UMBC logo
UMBC Department of Physics
News & Events

About December 2012

This page contains all entries posted to Physics Announcements in December 2012. They are listed from oldest to newest.

November 2012 is the previous archive.

January 2013 is the next archive.

Many more can be found on the main index page or by looking through the archives.

Powered by
Movable Type 3.34

« November 2012 | Main | January 2013 »

December 2012 Archives

December 5, 2012

Seminar: Wednesday, Dec. 5, 2012 at 3:30 pm

"Spectral Imaging of Cultural Heritage Texts"
Dr. William Christens-Barry
Equipoise Imaging, LLC,

Techniques of spectral imaging that were originally developed for remote sensing and biological imaging have more recently been applied in studies of ancient textual materials of cultural and historical interest. Palimpsests, texts in which the original content has been intentionally erased or removed so that the writing substrate could be reused, are of particularly intense interest to scholars and the public. While manuscript leaves share much in common with traditional subjects of spectral imaging and subsequent processing, they exhibit many unique and problematic features that confound collaborative imaging projects. Extensive damage further limits the legibility of text, while constraints imposed by the location and setting often complicate efforts to capture and analyze images.

A self-organized group of scientists and scholars, including the speaker, have tapped and modified spectral imaging techniques to investigate numerous manuscripts and textual materials of interest, including: the Archimedes Palimpsest containing important methods written by Archimedes; the innovative Waldseemuller Map, which first established the name "America"; the Dead Sea Scrolls, whose condition and content is currently under study in Jerusalem; the very large collection of ancient palimpsests in the library of St. Catherine's Monastery of the Sinai; textual and cartographic treasures held at the Library of Congress, including drafts of the Declaration of Independence and the Gettysburg Address; David Livingstone's journals from East Africa; and numerous others.

The speaker will describe techniques used for image capture and analysis of palimpsests and other faint or damaged texts, and will discuss findings and current directions.

Location: Physics Bldg., Room 401

December 6, 2012

PhD Proposal - Erin Balsamo

Date: Thursday, December 6, 2012
Time: 10:00am
Location: PHYS 401

Title
Developing and Characterizing X-ray Concentrators for Astronomical Observations and X-ray Polarization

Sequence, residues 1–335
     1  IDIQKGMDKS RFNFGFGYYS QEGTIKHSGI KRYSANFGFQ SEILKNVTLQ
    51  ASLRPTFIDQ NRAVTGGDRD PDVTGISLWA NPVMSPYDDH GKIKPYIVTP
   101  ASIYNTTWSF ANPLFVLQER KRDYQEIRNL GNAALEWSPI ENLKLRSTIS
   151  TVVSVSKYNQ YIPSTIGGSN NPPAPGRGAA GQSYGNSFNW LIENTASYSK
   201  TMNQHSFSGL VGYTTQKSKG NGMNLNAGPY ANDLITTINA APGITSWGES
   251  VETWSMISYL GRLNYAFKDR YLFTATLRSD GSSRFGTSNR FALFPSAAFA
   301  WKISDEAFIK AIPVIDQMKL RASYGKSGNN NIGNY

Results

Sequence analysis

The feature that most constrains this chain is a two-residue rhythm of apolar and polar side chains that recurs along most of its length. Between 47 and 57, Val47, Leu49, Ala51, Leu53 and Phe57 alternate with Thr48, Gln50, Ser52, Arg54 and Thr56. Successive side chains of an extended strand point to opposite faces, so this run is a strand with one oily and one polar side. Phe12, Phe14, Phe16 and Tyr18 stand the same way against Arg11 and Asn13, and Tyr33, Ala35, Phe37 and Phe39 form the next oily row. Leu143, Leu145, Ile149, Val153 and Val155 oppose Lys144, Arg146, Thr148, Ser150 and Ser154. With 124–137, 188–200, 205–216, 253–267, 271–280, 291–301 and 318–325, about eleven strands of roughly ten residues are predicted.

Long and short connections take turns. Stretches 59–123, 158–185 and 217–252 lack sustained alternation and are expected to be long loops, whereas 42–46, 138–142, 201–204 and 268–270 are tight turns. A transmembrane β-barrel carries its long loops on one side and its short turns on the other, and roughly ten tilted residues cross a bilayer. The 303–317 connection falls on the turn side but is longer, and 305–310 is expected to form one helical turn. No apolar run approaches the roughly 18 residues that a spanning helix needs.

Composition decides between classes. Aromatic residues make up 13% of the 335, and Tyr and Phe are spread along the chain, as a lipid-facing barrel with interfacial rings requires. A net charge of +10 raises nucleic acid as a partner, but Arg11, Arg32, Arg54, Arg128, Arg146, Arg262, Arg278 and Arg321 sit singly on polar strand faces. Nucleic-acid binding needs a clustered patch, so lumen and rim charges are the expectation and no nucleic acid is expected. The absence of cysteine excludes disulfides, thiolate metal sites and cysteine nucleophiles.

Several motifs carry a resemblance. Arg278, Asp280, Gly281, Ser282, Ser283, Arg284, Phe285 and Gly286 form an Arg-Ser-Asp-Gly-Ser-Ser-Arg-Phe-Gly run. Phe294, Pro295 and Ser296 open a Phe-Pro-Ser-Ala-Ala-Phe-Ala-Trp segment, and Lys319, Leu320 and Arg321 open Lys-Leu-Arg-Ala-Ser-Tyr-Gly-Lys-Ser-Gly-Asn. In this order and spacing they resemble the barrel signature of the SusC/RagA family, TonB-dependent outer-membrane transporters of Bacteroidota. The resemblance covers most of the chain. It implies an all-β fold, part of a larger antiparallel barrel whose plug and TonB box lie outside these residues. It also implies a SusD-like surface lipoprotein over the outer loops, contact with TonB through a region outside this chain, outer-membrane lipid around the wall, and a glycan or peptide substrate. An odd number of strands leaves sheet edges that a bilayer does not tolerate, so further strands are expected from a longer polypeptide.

Abstract
Advancements in technology have caused a dramatic increase in the number of cosmic X-ray sources discovered and over the past half century. Dramatic increases in the sensitivity, and in the spatial, spectral, and temporal resolution of these instruments have led to numerous advances in our understanding of the physical conditions in almost every class of astronomical object. Several classes of such objects (such as neutron stars and supernova remnants) contain strong magnetic fields leading to a substantial fraction of the X-ray emission suspected of being polarized. Studies of polarized X-rays will therefore open up a new dimension in discovery space and help further constraint our models for these sources.

Unfortunately to date there have been minimal studies on X-ray polarization due to the lack of dedicated X-ray polarimeters on big missions. I am working with the X-ray advanced Concepts Testbed (XACT) sounding rocket project which will be launched next year to observe the Crab Nebula. The goal is to test the new technologies specifically designed to advance this field, specifically high throughout X-ray concentrators and a time projected gas chamber polarimeter. The Neutron star Interior Composition ExploreR (NICER) shares some of the same technology, yet for other scientific goals. I am working to develop a method to characterize and calibrate the technology with the instrument development teams. I will give a brief overview of the projects, explain the work I have completed so far, and describe the work planned for the remainder of my thesis.

UMBC's Department of Physics   |   410-455-2513 or 1-877-707-1969 (toll free)   |   physics@umbc.edu  |  Site Info